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Flash Review 2, 5-6: Spring Celebration
Ringing in the Season with Nai-Ni Chen

By Peggy H. Cheng
Copyright 2000 Peggy H. Cheng

Last night at the Clark Studio Theater (at Lincoln Center, in the Rose Building), Nai-Ni Chen Dance Company helped to usher in the warm weather with a program entitled "Spring Celebration."

The evening opened with a rush of color and sound in "White Mountain/Black Water," a piece inspired by the history of the land between Korea and China where, according to the program notes, "the people are known for their bold and enduring quality." Proud and strong men and women traveled across the space, all fists and flexed feet, often touching and using the "earth" below their feet. At one point, they pinholed and planted seeds held between their thumbs and forefingers, careful yet firm. Muscular duets lifted people up towards the sky, to scan the mountain range. One section was almost martial in style, the ensemble -- led by Nai-Ni Chen with particular graceful strength, going through a series of movements over and over -- reminding me of martial arts sequences. There was color throughout: bright celebratory scarves in the finale dance of joy; the earth tones of the peasants; the rosy pink of a maiden (Ha-Yan Kim) on a boat with a tall barechested man (Gabriel Hernan). The articulation of hands and feet amidst flying rushes of color and limbs; one sensed inspiration in the urgent and beautiful movements. Ms. Chen seems to have found a treasure trove of material in "White Mountain/Black Water." The piece was additionally enlivened by the live accompaniment of the Hanulsori Korean Percussion Ensemble playing the works of composers Harry Lee and Forrest Fang.

Second on the program came two sections in a larger work-in-progress, "Dragons on the Wall." The piece is to be based on conversations between the choreographer, Ms. Chen, and a Nobel Literature Prize winning poet, Bei Dao. Mr. Dao was exiled from China in the 1970's for his political activities. The first section, "Love Letters," was about the inability to express love. Certainly the duets were about being unable to connect: A woman on her belly suddenly arches and reaches with her feet towards a man in front of her in a contorted and desperate effort to make contact; a woman reaches behind her but is unable to turn. The following section was "Walking on the Edge," in which five people tentatively approached the audience in their individual lanes, gasping for air, maybe gasping to hold something in, or let something out? The music, with live reading and vocalizing from composer Joan LaBarbara, evoked a haunted place, perhaps underground or in a cave. In any case, it was a dark place which these people inhabited; there is a sense that they are lost behind an impenetrable force field and unable to express anything, and for now that seems to be where they end, too.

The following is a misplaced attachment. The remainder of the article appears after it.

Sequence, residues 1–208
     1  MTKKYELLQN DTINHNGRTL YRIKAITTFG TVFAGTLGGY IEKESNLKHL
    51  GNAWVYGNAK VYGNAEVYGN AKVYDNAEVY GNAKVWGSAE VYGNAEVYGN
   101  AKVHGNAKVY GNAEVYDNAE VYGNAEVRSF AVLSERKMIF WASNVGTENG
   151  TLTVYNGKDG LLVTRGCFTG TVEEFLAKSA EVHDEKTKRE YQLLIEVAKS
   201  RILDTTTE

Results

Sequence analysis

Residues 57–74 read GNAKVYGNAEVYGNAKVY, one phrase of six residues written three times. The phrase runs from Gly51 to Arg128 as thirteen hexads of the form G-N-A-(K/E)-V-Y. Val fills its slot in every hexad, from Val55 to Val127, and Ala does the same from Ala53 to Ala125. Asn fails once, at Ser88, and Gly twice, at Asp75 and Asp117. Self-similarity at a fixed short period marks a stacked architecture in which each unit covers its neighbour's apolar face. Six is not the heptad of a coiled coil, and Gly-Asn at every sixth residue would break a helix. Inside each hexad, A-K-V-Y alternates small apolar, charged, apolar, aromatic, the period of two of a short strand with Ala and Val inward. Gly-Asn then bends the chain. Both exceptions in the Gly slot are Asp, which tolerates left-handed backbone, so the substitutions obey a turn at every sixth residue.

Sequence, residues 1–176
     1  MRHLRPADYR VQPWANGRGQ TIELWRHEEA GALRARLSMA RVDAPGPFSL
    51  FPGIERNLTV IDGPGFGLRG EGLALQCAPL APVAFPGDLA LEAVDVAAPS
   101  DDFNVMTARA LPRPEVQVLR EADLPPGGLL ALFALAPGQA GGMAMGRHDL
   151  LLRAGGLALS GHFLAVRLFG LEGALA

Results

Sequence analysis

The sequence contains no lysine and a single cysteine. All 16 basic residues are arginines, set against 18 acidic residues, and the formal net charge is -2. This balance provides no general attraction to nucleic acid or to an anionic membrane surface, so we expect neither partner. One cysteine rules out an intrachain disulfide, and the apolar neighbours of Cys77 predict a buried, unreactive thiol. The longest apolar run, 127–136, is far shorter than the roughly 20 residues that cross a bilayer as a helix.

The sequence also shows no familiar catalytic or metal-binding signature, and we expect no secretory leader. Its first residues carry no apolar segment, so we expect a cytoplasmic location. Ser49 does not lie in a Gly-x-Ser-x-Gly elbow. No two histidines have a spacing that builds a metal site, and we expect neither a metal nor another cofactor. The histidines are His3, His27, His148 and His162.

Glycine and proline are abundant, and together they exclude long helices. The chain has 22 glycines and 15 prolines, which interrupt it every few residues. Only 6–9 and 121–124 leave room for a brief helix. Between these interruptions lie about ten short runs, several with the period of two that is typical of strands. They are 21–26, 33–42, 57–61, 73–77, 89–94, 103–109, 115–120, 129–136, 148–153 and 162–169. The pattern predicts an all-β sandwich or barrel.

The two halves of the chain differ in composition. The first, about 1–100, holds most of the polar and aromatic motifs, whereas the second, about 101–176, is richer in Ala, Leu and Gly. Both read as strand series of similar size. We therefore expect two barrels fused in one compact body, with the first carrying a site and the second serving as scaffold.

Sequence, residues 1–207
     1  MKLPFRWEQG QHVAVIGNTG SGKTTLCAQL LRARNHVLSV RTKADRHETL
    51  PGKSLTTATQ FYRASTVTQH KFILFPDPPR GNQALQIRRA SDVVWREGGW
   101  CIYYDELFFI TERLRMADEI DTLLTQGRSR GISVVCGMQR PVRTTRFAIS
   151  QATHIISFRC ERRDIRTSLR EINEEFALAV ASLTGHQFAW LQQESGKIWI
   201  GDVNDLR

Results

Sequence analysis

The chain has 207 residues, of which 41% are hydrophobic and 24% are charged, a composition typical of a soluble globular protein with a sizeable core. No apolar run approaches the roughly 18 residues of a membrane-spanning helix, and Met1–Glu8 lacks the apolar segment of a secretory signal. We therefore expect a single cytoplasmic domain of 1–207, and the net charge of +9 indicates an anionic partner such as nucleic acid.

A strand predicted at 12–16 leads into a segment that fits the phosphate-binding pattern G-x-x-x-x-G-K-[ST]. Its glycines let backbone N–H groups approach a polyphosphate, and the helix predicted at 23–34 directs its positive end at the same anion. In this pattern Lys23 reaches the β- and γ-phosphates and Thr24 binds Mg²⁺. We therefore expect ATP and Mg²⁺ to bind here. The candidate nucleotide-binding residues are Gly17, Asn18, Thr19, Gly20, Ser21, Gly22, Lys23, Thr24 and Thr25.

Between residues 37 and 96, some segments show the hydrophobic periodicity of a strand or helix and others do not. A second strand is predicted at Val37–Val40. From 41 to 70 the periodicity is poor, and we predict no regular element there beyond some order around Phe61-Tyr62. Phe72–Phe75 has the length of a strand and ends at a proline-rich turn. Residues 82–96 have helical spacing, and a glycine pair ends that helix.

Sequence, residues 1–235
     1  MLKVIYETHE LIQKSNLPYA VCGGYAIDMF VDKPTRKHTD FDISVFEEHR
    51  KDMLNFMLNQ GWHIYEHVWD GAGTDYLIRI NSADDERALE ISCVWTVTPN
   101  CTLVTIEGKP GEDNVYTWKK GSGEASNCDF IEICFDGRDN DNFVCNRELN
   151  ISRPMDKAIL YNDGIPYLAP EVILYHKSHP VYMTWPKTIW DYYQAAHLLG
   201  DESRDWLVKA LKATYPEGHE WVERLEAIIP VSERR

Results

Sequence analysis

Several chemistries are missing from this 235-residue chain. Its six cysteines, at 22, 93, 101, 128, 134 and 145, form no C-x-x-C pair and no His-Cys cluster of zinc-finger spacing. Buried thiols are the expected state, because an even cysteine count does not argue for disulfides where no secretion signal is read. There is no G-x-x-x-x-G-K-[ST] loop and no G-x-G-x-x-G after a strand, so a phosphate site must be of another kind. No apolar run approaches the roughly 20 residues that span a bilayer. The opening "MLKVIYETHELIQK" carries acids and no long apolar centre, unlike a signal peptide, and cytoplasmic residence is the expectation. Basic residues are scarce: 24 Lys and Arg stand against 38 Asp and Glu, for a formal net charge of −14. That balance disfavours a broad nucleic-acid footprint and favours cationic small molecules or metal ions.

Last on the program was the one premiere of the evening. Very playful and bright (candy-colored unitards by Hilary Blumenthal), this piece was inspired by carousels which Ms. Chen saw while in Europe. "Carousel Divertimento," to jazz music played by the Turtle Island String Quartet, was in fact quite jazzy. Mixed in to the plucky duets were moments of sensuality. As big, swooshy moves flew across the stage, cute prances, skips, and gallops evoked the multi-colored carousel horses while lighting designer A.C. Hickox (lighting design for the entire evening) provided a spiralling circle of light centerstage for the dancers to revolve on. Very much a vehicle of high energy, "Carousel Divertimento" provided a light and happy entertainment to end the evening.

Also dancing last night were I-Fang Huang, Ya-Chih Chuang, Edgar Cortes, Chien-Hui Shen, and Shanti Guirao.

Nai-Ni Chen's Spring Celebration continues tonight at 8 p.m. and tomorrow at 3 p.m. Sunday's performance is sold-out.


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